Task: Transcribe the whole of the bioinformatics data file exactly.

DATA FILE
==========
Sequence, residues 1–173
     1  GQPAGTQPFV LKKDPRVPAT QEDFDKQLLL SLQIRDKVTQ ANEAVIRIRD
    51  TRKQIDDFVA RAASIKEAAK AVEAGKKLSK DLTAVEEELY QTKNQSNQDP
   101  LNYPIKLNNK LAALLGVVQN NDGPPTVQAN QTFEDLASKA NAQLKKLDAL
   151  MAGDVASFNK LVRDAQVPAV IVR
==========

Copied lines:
Sequence, residues 1–173
     1  GQPAGTQPFV LKKDPRVPAT QEDFDKQLLL SLQIRDKVTQ ANEAVIRIRD
    51  TRKQIDDFVA RAASIKEAAK AVEAGKKLSK DLTAVEEELY QTKNQSNQDP
   101  LNYPIKLNNK LAALLGVVQN NDGPPTVQAN QTFEDLASKA NAQLKKLDAL
   151  MAGDVASFNK LVRDAQVPAV IVR